There's a lot of confusion about language fluency, including what "fluency" even means. But there are two myths in particular that lead to a majority of students abandoning their language-learning aspirations.
Myth #1: Learning a new language is hard.
There's nothing inherently more difficult about learning Spanish than there is about learning, say, to play the piano. If you've ever played an instrument, you know that you start out with baby steps, learning the notes and how to play scales, then start putting notes together into chords and combining chords into songs. And you do this by learning where to put your fingers, how to move them, and how to read music. And - if you're serious about it - you practice whenever you can. It doesn't happen overnight, or in a week or a month: it takes regular, ongoing practice and there is no point at which you're simply "done." There's always more to learn.
Learning a language is very similar, except the notes are sounds, the scales are verb drills, the chords are sentences, and the songs are conversations. Torturous analogies aside, the point is that you don't just magically know how to play all music after a few weeks, nor will you magically know how to speak Spanish: you have to learn and practice and put some serious effort into it to get good at it. It takes a long time, and it's really important to understand this up front. If you're studying for an hour a week with the assumption that you'll become fluent in a few months or even a year, you're going to be very disappointed: it's just not going to happen. You need to adjust your expectations or you'll end up frustrated and disappointed.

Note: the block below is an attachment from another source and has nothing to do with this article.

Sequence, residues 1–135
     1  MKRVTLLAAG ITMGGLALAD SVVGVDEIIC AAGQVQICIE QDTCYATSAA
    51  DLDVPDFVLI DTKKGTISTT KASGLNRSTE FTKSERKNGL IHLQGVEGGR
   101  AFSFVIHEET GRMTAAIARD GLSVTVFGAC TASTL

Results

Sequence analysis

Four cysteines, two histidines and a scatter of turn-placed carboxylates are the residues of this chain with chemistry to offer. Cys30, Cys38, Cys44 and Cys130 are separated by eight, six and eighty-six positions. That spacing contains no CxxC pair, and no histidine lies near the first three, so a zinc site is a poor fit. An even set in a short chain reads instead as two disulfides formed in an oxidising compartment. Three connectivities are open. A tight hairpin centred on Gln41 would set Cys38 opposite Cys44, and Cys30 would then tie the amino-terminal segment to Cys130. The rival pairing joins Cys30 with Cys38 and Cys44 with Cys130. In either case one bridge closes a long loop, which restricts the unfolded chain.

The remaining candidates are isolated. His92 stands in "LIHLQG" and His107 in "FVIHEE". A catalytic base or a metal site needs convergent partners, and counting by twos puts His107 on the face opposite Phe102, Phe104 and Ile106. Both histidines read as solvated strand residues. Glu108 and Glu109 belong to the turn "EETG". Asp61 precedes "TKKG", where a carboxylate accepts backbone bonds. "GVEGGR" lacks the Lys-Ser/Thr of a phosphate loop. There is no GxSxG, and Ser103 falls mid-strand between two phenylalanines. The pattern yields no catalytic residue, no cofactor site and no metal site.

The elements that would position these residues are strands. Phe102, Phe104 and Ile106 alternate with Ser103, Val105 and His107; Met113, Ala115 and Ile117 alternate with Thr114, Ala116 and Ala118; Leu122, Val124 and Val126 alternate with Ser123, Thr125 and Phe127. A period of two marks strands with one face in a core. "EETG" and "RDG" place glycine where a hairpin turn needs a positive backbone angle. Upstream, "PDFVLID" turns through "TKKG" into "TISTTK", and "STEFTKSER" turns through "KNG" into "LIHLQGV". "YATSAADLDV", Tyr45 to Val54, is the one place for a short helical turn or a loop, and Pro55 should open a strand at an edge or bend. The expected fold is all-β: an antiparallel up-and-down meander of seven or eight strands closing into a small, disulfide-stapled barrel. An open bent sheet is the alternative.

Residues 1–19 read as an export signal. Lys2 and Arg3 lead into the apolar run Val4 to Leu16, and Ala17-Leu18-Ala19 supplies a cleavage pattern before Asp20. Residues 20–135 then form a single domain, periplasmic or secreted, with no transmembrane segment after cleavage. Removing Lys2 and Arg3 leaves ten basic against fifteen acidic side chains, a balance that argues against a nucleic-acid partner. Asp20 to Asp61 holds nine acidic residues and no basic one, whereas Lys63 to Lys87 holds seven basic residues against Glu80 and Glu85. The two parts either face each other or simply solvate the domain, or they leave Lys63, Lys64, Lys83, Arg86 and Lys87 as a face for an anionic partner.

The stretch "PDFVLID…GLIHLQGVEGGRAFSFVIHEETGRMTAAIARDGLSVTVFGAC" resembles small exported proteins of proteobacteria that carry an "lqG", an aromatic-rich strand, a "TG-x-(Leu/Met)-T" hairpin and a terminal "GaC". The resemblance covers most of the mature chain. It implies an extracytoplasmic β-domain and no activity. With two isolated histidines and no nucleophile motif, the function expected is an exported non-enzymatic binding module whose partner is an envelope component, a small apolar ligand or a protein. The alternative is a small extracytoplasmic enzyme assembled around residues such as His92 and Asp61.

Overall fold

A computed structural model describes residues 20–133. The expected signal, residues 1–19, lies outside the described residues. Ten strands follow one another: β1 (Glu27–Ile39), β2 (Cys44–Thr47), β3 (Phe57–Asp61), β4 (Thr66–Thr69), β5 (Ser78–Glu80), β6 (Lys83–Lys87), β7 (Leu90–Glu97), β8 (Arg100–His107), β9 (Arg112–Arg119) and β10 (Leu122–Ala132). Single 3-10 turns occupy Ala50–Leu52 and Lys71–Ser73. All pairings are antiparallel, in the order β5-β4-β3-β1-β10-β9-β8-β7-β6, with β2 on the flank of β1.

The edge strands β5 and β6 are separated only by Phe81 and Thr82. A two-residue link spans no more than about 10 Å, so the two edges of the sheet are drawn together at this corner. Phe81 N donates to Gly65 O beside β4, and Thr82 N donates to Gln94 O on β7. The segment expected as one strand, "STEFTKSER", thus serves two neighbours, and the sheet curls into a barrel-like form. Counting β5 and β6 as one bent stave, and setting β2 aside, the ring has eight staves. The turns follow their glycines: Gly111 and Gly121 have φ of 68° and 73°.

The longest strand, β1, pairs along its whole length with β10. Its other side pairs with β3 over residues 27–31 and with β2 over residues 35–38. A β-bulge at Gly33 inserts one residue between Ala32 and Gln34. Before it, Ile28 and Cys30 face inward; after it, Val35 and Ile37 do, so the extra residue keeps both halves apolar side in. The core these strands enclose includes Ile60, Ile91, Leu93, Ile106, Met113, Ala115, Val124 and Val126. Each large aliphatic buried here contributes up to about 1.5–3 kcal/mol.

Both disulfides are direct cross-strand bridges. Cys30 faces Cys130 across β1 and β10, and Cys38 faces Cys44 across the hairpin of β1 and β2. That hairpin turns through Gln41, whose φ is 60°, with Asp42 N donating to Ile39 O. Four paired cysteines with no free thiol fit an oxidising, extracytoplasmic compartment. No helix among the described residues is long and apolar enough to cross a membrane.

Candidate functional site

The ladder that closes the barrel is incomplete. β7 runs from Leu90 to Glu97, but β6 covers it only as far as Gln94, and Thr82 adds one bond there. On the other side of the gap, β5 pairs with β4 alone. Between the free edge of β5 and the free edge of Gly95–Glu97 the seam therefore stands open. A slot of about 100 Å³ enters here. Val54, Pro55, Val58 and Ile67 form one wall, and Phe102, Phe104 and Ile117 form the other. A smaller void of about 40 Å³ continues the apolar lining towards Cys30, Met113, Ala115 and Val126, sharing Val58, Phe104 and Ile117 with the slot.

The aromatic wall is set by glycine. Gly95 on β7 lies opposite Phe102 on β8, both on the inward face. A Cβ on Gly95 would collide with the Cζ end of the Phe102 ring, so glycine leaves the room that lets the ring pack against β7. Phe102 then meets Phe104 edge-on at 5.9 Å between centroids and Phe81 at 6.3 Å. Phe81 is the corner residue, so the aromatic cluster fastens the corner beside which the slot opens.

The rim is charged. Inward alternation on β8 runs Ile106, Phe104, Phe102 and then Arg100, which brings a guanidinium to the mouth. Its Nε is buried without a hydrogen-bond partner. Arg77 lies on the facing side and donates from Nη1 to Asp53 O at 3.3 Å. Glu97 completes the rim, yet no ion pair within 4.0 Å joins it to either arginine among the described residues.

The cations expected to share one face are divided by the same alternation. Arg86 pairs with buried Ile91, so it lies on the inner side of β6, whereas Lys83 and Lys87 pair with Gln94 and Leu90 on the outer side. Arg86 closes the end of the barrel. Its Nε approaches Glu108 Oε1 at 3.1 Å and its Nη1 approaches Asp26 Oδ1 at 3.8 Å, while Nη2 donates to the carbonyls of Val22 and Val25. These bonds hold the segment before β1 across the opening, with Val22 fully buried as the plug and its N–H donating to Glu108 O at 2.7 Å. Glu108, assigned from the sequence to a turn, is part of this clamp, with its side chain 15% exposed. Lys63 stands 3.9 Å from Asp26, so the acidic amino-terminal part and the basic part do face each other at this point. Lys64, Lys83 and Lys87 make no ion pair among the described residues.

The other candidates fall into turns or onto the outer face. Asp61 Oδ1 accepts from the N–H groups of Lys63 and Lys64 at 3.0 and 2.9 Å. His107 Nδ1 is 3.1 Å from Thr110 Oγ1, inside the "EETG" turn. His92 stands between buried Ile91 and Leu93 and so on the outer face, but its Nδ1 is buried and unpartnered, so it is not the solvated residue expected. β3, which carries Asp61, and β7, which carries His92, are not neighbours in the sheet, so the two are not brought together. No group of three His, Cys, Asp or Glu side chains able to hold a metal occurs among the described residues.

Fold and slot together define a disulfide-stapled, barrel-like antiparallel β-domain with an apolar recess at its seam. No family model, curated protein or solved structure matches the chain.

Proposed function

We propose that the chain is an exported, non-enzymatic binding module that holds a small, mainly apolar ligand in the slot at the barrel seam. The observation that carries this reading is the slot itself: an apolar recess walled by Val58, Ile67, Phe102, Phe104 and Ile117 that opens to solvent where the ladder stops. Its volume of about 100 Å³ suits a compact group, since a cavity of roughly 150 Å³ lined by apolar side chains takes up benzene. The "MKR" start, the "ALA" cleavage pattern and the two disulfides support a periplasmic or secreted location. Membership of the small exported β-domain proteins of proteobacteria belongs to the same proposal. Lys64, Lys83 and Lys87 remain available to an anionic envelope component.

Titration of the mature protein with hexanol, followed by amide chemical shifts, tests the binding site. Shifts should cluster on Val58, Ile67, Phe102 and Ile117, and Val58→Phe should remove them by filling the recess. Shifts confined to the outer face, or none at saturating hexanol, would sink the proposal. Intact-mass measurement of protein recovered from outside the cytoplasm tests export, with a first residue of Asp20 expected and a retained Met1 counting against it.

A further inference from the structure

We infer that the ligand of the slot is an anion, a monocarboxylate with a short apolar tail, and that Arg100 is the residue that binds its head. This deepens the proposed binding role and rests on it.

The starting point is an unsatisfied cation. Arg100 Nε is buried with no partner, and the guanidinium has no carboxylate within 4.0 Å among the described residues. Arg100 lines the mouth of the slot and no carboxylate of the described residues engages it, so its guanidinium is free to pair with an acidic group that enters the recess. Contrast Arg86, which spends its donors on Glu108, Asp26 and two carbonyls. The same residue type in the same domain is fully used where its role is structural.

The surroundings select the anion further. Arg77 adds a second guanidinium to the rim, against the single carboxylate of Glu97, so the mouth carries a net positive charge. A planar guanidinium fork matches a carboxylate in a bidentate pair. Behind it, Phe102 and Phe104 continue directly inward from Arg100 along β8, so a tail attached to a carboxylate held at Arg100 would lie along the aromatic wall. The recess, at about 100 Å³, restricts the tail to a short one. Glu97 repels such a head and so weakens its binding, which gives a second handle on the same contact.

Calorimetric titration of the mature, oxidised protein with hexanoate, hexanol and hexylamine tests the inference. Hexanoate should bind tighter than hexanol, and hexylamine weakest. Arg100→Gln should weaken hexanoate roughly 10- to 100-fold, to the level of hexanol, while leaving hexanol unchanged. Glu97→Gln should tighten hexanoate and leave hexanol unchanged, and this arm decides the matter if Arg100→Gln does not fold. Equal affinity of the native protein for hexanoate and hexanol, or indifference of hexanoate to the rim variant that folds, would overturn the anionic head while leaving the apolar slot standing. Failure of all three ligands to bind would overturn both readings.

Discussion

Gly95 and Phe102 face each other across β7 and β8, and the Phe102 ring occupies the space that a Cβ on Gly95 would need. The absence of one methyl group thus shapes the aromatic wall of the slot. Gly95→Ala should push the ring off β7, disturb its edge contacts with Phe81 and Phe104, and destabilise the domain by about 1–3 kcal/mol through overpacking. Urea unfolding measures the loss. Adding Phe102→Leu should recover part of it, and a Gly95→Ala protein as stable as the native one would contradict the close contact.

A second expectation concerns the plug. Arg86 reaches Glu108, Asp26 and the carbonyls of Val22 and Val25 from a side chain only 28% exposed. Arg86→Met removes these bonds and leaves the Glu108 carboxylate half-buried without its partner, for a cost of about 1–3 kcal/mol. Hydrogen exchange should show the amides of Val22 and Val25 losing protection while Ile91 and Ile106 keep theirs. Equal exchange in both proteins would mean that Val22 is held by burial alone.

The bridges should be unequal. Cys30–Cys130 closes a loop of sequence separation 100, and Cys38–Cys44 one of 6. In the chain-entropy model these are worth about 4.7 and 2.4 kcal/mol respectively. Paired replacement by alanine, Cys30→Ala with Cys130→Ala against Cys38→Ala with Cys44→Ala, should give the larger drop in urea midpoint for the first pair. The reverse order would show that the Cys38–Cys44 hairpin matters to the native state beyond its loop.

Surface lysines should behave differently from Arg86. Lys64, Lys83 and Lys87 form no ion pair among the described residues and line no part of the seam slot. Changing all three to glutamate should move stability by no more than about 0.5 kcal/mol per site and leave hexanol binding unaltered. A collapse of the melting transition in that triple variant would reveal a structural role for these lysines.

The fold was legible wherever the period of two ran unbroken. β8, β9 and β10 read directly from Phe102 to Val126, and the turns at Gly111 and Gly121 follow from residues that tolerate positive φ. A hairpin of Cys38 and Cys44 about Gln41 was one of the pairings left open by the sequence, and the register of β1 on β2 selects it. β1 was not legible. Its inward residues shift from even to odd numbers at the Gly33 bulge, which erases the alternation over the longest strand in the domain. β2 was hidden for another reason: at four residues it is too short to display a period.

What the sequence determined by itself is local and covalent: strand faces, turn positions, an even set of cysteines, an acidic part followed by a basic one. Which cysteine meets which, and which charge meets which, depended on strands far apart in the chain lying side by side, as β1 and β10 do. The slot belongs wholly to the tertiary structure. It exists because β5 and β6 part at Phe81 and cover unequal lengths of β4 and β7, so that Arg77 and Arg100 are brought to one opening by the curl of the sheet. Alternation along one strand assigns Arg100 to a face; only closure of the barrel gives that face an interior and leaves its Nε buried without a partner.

Myth #2: Some people are good at languages and some aren't.
The fact that you're reading this article proves this simply isn't true. You speak your native language, and you certainly weren't born knowing it - you spent several years learning it as a child, albeit unconsciously and effortlessly. You've continued learning all of these years, and you'll keep learning for the rest of your life. And there's absolutely no reason that you can't learn a foreign language, as long as you are willing to put adequate time and effort into it. When students don't do this, usually because they have completely unrealistic ideas about how long it "should" take, they often make up stories to explain why their capabilities don't match their expectations, like "I'm no good at languages." Nonsense. Here's a fact: Everyone who can speak one language can speak two.
That said, sure, some brains are better at languages while others are better at math or science. But that doesn't mean that "mathies" can't learn another language, or that "languagers" can't do any math. We all have our own individual strengths and weaknesses, but we can all learn anything - as long as we make the effort required to do so.
To get an idea of your current level, take our Spanish CEFR test.